For Deel, that happened when he had an upsetting confrontation with a homeless man named Michael. Michael was a regular lodger in the men’s shelter, and his behavior had always been exemplary. One night, however, he pulled down his pants and demanded that a staff member apply ointment to wounds on his genitals. When the staffer refused, Michael exploded in rage. After he was removed from the shelter, he started stalking Deel and his staff members. He got into a violent confrontation with, and tried to punch, a staff member. He even threatened to come back and kill Deel’s wife and daughters.

Deel was so alarmed by the threats that he called the police, who arrested Michael. In jail, he was evaluated by a psychiatrist who found that he was suffering from serious mental illness. Eventually, he was sentenced to prison.

While Deel was relieved for his and his family’s safety, he also felt guilty and shaken by the incident. In his mind, he’d caused Michael to be swallowed up by the prison system and hadn’t been able to really offer him the care he needed. Deel realized his ministry was essentially offering crisis management: short-term solutions that gave desperate people some support and temporary relief. But to really make a lasting difference to those with chronic difficulties – people like Michael – he would have to go further.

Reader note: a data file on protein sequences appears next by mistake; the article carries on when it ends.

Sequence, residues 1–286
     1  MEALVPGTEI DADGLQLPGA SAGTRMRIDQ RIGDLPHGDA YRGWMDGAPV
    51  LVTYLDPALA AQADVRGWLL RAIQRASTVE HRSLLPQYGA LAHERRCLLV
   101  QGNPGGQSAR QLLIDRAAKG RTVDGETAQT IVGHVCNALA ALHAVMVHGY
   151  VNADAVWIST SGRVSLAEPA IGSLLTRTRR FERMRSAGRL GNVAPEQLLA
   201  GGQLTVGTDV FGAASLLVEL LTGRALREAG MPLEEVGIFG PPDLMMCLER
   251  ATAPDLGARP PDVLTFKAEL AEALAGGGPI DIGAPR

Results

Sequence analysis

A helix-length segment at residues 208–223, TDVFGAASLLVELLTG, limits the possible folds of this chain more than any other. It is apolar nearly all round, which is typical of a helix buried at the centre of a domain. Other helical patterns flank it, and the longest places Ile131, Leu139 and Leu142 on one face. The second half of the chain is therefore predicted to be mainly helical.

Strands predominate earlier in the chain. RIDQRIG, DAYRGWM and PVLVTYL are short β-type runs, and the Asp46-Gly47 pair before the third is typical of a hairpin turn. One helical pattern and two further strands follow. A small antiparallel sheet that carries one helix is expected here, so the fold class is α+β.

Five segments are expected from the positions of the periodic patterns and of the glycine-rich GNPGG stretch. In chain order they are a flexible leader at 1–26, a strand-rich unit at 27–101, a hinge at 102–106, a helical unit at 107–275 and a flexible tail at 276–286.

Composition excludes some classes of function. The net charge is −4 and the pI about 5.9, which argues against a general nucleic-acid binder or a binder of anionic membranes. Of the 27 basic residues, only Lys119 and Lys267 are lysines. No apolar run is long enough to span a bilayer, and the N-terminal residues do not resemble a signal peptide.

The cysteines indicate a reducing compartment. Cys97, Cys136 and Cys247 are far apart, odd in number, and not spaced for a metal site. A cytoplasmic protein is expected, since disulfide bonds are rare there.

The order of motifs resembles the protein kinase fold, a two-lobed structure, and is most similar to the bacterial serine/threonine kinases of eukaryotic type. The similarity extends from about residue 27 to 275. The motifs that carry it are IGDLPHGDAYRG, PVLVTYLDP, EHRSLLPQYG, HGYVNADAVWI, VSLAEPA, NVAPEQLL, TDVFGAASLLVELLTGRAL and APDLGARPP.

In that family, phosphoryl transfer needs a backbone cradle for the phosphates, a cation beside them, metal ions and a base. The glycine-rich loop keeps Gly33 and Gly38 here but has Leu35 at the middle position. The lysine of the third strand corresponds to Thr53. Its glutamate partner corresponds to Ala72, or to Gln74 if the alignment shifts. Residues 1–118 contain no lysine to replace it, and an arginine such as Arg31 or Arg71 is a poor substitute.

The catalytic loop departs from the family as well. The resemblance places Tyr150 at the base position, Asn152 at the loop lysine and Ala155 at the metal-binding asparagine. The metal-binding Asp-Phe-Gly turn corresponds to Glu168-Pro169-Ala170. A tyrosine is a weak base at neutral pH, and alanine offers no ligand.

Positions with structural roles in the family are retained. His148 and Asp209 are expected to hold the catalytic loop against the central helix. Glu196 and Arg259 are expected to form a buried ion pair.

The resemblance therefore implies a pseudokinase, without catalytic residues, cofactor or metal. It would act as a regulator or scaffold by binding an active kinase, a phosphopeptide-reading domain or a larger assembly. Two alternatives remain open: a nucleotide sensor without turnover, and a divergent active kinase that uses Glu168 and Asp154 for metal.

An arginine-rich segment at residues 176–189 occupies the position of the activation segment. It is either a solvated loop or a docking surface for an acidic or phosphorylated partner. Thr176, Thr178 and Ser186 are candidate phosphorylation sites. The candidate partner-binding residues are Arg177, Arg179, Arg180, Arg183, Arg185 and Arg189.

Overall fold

Until then, the church had been referring people with mental health, alcohol, or housing problems to other services in the city. But these services were underfunded and fragmented. They were also hard to access, as they were located in different parts of the city. And often, people needed to fill out stacks of bewildering forms before they could receive any support. In order to help people battle these intersecting challenges, Deel realized they would need a “one-stop shop” where people could access housing, job programs, and expert mental health care under one roof.

Creating such a project would require an enormous property and much more funding than they’d had so far. It would also require that Bruce and Rhonda Deel uproot their lives all over again, and start to build a new community from the ground up. Luckily, they were up for the challenge.
Hurricane Katrina provided a challenge that allowed City of Refuge to prove themselves.